“Do A Better Job”: Public Demands Action From Madison County Board On Roadside Litter
EDWARDSVILLE - A few Madison County residents demanded the Madison County Board take action on roadside litter from Roxana landfill trucks during the Public Comment portion of the latest County Board meeting on March 15.
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“This is actually historic, because the trash has never been this bad in the history of Madison County - and this board, it sits firmly on your shoulders, so I want to see about getting something done about it,” Russ Wheat said. “And it insults me that I have to come and talk to you people about this, because you drive down the same road, you see everything that I see, yet nothing gets done.
“These trucks, if they are not going to adhere to our wishes and they’re going to violate and pollute our neighborhoods, we need to restrict their permits. Pull those permits, revoke them. You start putting the squeeze on those permits, and they can’t drive the trucks out here - believe me, that’ll stop a lot of the trash and stuff coming into the neighborhood.”
Wheat said he has personally picked up “over 1,500 pounds of trash - about 30 bags,” and that he’d be willing to work with the board on solutions moving forward.
“If you really wanted to do your job and help out this community and get off of being the worst board as far as the trash in Madison County history, reach out to me and I’d be willing to help with whatever I can do,” he said. “There’s a lot of things that could be done, but I don’t feel it’s getting done. Just do a better job.”
Kirk Allen, co-founder of Edgar County Watchdogs, suggested the litter problem might be caused by immigrants and be an issue of cultural differences, citing his experiences while traveling.
“There’s a common denominator, folks - and I know folks aren’t going to want to talk about it, or they’re going to be upset that I’m going to talk about it - but when you bring a society of people from other countries that don’t have the same cultural upbringing … if you follow where we have a large influx of immigrants, we’re finding this very problem,” Allen said.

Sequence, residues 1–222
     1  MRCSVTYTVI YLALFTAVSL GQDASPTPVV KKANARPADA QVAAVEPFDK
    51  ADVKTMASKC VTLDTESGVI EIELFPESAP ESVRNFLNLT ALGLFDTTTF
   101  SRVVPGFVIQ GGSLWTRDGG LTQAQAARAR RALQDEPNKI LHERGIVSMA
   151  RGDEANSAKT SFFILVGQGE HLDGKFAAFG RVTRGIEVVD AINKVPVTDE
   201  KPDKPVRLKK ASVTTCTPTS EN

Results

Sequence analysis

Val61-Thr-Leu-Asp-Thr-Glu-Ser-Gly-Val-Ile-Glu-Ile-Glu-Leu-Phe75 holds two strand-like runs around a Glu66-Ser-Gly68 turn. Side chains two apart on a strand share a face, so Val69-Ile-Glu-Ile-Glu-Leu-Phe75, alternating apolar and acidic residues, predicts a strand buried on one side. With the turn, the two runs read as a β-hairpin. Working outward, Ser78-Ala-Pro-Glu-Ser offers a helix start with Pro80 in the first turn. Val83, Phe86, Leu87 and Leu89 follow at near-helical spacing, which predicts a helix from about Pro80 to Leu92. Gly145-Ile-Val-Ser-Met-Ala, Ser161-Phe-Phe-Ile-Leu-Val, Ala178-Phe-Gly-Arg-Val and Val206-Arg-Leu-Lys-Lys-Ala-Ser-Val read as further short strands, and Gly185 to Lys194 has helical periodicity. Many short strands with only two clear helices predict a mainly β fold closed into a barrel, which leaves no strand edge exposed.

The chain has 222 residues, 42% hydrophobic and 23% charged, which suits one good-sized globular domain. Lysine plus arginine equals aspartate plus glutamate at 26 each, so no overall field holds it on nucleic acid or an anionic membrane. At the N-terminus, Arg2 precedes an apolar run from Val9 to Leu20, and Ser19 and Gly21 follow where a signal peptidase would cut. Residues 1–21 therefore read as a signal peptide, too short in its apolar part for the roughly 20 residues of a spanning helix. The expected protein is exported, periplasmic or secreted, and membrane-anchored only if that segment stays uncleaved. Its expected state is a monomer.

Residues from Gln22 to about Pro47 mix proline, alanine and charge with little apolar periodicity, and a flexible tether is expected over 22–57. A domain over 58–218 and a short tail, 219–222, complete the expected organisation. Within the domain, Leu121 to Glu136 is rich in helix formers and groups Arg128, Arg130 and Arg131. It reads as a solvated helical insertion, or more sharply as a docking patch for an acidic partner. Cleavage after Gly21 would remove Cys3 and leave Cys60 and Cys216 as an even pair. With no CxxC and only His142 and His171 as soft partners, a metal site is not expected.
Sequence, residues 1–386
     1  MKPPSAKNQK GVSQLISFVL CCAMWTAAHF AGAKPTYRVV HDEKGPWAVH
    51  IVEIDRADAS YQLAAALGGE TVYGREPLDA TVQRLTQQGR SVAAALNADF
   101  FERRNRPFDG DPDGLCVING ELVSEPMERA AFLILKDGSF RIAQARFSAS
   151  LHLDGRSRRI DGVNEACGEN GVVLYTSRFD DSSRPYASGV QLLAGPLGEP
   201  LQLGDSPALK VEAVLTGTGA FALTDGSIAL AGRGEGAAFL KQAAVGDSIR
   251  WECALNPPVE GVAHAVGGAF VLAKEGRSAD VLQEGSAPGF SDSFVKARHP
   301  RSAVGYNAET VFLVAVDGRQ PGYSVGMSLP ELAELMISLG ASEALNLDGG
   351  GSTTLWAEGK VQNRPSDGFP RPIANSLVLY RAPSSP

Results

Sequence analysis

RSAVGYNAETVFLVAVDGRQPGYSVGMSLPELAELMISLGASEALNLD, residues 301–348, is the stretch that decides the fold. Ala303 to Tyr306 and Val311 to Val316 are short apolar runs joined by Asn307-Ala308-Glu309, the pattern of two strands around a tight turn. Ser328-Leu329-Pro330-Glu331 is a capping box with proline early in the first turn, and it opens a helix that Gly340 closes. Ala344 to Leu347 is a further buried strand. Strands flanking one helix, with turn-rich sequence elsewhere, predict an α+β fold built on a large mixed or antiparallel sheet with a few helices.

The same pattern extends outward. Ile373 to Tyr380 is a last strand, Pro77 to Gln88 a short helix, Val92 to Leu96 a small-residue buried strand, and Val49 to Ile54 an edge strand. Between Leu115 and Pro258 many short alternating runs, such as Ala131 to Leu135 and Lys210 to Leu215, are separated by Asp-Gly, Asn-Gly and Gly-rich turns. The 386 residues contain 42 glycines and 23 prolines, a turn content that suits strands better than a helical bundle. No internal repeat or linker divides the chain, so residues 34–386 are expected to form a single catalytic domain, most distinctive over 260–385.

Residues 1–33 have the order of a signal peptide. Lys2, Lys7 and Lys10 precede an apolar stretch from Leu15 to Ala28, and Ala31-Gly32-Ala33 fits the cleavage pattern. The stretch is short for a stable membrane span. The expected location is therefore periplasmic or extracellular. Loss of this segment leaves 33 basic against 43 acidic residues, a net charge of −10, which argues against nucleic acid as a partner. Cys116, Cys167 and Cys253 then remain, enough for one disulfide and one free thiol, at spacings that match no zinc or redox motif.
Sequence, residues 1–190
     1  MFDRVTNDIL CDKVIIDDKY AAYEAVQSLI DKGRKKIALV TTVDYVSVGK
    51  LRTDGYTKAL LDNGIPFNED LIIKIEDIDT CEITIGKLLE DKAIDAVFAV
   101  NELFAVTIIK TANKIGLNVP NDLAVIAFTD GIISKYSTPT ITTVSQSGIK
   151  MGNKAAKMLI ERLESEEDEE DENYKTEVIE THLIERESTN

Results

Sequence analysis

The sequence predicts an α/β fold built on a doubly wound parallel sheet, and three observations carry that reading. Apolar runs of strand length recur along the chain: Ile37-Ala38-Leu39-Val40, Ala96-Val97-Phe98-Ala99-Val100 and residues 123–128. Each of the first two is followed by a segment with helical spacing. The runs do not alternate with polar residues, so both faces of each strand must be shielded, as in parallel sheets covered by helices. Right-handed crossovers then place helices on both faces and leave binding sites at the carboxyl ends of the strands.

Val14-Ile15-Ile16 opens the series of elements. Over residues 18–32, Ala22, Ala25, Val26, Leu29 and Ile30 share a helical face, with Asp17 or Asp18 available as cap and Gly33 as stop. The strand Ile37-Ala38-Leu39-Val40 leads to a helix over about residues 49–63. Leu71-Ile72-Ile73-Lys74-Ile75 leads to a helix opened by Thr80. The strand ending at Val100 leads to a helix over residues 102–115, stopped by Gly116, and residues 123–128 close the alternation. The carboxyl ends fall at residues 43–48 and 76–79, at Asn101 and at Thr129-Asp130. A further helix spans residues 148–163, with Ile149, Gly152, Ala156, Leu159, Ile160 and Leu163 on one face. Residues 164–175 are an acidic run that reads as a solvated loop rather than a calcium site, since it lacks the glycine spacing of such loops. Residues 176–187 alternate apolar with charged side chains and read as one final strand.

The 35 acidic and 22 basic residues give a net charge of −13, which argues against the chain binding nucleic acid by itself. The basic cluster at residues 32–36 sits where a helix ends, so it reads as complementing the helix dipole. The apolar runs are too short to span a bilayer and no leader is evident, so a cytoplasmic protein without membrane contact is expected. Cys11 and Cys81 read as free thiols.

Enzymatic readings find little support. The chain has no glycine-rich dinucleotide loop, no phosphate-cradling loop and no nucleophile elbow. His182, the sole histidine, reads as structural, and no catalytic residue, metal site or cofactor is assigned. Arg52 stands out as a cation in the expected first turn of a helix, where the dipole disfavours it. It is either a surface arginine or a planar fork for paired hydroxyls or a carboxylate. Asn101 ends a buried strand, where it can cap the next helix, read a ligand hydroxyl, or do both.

“It may be an educational problem for some of those folks. I’m not casting dispersions on it, it’s a culture thing. Some of those people come from countries that don’t know what a trash can is - and I’ve traveled the world, and that is true,” he added. “So before we cast dispersions on truck drivers that may or may not be doing it, let’s identify what the real source is.”
David Mahaney said he told the board about this issue last December, and that despite two closed-door meetings that were held since his comment, he has yet to see any action taken, or any plans for action proposed. He said his comment sparked a grassroots social media movement related to Roxana landfill issues, and that the “outcry” has gotten the attention of “multiple government agencies.”
While he commended Madison County citizens for their help cleaning up roadside litter, he asked the board to find a more long-term solution.
“The community has taken action; citizens have picked up trash along the roadways leading to the landfill. As a whole, their actions have been quite noticeable and their actions are to be commended - however, the efforts of these citizens should not be considered the final solution,” he said. “Hopefully a long-term solution to this issue can be determined.”
The agenda and full audio for the March 15 meeting are available on the Madison County Clerk website.
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